Arizona Eliminates CHIP; Schwarzenegger Seeks To Reform California Prison Health Care System

The New York Times: "Arizona on Thursday became the first state to eliminate its Children's Health Insurance Program when Gov. Jan Brewer signed an austere budget that will leave nearly 47,000 low-income children without coverage." The state's budget woes are a stark depiction of "how the fiscal crisis afflicting state governments is cutting deeply into health care. The state also will roll back Medicaid coverage for childless adults in a move that is expected to eventually drop 310,000 people from the rolls. State leaders said they were left with few choices because of a $2.6 billion projected shortfall next year." Meanwhile, those who advocate for hospitals and advocates low-income people are "worried that emergency rooms would be overrun by patients who had few other options for care, and that children might suffer enduring developmental problems because of inadequate medical attention" (Sack, 3/18).

BusinessWeek: In the Arizona budget, "spending cuts include $385 million from the state's Medicaid program." The state's governor said she signed the legislation "because the spending cuts and other budget provisions are necessary to 'begin the Arizona comeback.'" (Davenport, 3/18). 

Los Angeles Times: "A proposal by [Gov. Arnold Schwarzenegger's] administration to overhaul the troubled medical care system for inmates could save $12 billion over a decade, officials say. But it would also cost jobs. The Schwarzenegger administration wants to put the University of California in charge of state prison inmates' medical needs in an overhaul of the troubled corrections healthcare system. ... The arrangement, similar to a centralized system of managed care, would dramatically expand the use of telemedicine, a technique by which patients are seen by doctors in remote locations over a screen with an Internet connection." It also would use electronic record-keeping. "And the plan, still being refined, could include the purchase or construction of a central hospital near several prison infirmaries for housing and treatment of the chronically sick" (Rothfeld, 3/19).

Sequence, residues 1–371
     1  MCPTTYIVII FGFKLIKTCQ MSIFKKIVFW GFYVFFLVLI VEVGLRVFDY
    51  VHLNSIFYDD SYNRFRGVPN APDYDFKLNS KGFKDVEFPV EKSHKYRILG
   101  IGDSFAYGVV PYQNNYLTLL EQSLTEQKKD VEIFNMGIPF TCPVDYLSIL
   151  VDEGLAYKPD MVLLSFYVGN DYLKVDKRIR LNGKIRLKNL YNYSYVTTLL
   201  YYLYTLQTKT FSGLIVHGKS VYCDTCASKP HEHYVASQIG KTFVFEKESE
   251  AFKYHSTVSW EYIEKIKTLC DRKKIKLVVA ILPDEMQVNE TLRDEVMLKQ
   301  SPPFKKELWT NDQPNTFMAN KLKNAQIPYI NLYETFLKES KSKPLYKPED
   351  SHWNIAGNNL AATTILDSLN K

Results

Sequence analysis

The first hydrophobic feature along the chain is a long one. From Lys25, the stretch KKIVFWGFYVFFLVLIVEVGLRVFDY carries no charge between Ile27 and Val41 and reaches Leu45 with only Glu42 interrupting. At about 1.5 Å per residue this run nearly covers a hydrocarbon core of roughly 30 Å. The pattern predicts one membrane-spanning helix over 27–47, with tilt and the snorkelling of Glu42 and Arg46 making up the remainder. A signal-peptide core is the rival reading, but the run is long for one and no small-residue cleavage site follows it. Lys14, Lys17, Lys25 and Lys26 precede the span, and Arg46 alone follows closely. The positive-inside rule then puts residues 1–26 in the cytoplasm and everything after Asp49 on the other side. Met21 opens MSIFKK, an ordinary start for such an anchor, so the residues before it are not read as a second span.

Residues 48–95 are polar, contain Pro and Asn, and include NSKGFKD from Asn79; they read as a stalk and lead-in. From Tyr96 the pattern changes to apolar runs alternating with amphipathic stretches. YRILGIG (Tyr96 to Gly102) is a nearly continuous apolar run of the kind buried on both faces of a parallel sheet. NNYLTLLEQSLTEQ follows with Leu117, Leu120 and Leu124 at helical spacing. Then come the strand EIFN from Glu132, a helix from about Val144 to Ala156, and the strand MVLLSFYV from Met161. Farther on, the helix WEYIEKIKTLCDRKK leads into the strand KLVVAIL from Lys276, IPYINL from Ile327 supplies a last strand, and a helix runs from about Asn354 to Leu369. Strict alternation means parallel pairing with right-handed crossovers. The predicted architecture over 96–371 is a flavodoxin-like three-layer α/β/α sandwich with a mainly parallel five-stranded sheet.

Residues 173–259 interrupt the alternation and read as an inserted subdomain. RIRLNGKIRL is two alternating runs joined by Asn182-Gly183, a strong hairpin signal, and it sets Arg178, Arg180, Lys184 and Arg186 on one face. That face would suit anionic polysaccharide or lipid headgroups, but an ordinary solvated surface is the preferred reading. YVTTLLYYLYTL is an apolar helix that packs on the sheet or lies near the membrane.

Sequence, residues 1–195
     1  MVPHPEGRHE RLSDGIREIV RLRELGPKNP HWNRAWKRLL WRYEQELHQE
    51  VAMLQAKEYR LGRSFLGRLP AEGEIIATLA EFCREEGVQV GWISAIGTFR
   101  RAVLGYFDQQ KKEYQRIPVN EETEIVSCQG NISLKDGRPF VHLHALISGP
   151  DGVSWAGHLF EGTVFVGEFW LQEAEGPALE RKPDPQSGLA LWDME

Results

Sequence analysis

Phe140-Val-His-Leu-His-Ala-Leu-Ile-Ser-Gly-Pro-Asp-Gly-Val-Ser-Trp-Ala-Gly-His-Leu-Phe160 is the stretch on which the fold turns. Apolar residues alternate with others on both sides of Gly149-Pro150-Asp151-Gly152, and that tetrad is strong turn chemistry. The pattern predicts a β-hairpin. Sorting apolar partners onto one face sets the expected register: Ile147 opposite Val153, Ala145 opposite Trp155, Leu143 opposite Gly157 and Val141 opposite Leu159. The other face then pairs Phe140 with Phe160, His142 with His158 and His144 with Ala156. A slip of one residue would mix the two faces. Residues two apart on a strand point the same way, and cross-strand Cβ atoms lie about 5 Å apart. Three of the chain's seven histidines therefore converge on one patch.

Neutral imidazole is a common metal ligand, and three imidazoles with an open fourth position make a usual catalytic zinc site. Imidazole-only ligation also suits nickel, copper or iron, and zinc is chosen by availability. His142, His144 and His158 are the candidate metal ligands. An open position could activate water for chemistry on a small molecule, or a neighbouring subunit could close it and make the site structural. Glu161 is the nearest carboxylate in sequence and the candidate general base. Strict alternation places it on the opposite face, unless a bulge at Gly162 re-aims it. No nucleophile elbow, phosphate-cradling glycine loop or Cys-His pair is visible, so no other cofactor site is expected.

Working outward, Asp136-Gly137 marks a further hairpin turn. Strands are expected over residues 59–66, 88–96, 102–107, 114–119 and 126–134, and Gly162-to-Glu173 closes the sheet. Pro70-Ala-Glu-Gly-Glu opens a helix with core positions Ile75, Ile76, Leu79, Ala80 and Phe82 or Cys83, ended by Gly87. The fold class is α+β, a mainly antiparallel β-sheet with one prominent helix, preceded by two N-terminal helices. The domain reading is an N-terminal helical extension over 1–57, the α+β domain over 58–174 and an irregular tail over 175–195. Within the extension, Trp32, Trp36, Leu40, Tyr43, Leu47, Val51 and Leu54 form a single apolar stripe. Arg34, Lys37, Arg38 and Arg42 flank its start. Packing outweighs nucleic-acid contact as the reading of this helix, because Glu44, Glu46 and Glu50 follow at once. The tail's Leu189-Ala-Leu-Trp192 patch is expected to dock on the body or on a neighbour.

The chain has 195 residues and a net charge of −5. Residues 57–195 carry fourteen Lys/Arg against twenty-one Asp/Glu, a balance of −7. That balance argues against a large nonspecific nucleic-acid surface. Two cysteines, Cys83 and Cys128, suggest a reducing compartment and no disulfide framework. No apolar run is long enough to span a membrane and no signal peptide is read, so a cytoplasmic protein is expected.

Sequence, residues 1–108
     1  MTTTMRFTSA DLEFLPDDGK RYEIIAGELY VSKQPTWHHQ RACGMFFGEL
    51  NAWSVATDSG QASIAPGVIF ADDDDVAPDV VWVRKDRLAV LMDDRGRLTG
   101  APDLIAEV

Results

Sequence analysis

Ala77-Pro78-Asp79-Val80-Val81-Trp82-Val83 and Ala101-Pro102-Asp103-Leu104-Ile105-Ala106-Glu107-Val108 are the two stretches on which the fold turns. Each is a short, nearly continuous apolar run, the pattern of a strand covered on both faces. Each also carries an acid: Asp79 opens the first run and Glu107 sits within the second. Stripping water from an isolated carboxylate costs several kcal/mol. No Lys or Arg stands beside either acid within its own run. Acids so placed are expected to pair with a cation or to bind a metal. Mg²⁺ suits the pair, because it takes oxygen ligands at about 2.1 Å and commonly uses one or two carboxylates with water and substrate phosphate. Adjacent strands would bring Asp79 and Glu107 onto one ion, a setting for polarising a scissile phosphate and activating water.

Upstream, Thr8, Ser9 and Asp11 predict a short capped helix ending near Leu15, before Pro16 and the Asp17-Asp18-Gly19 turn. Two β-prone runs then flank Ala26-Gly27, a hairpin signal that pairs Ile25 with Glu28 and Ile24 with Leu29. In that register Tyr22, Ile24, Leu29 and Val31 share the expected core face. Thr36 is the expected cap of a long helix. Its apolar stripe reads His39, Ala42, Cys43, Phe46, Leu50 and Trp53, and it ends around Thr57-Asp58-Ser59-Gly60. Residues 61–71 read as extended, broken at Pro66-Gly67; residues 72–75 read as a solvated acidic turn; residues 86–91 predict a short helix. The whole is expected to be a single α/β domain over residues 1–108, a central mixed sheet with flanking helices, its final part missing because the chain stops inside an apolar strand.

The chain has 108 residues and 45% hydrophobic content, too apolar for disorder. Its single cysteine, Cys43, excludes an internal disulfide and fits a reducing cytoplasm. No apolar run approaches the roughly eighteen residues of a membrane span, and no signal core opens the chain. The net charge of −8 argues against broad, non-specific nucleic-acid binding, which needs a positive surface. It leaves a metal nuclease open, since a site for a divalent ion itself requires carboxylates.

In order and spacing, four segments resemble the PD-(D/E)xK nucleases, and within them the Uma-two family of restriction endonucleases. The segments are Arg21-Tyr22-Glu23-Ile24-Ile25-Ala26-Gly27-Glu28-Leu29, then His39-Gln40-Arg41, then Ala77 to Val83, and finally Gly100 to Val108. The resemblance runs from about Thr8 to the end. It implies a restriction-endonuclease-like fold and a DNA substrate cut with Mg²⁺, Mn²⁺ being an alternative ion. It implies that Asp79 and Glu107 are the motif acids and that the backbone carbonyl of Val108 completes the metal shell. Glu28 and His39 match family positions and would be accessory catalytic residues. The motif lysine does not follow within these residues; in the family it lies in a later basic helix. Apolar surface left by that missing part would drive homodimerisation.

[Waterville, Maine] Morning Sentinel: "Maine has signed onto a national $42.5 million settlement with pharmaceutical manufacturer, Alpharma Inc. Maine will receive over $405,000, while Medicaid programs nationwide will receive approximately $19.2 million of the total settlement, Maine Attorney General Janet Mills announced today. The agreement settles allegations of false or fraudulent Medicaid claims for the drug Kadian, a morphine sulfate product that manages pain" (3/17).

The Associated Press/Philadelphia Inquirer: In New Jersey, an "Assembly panel yesterday approved legislation that would make public-worker pension and health benefits less generous, a move designed to put the state retirement system on sounder financial footing for tens of thousands of future retirees. The Appropriations Committee approved the package of bills after hours of testimony from union leaders, who called the measures an assault on collective bargaining. The teachers, police and fire, and state-worker unions also mounted a behind-the-scenes effort to slow down or amend the bills; those efforts delayed the hearing for about two hours but failed to produce any amendments. The full Assembly is scheduled to vote Monday on the bills. The Senate previously passed three of the five bills without opposition. Two originated in the Assembly and still require Senate action. Gov. Christie has said he will sign them as soon as they reach his desk" (Santi, 3/19).

The Kansas City Star: "Health insurance coverage of autism spectrum disorders would be required under legislation passed Thursday in the Missouri Senate. The approval on a 26-6 vote shifts the bill to the House, which has passed similar legislation. To go into effect, one of the bills still must pass through both chambers and be signed into law by Gov. Jay Nixon. But Thursday's progress indicates broad support for an autism insurance mandate and greatly increases its chances of passage, lawmakers said. ... The House and Senate bills would require state-regulated health insurers to provide coverage for autism, a neurological disorder that affects communication and social interaction. The mandate would apply to about 40 percent of the private insurance market" (Noble, 3/18).

The Associated Press/New York Times: "TennCare officials said Thursday that they will be able to use a federal refund of $121 million to postpone some cuts to the state's expanded Medicaid program for a year. Last month, the Centers for Medicare and Medicaid Services said the state can keep some of the reimbursements it makes to the federal government to pay for prescription drug benefits. Lawmakers have been waiting to hear how that money would be used, considering Gov. Phil Bredesen has said he needs to cut $201 million from TennCare, which has about 1.2 million enrollees, to balance the state budget" (3/18).

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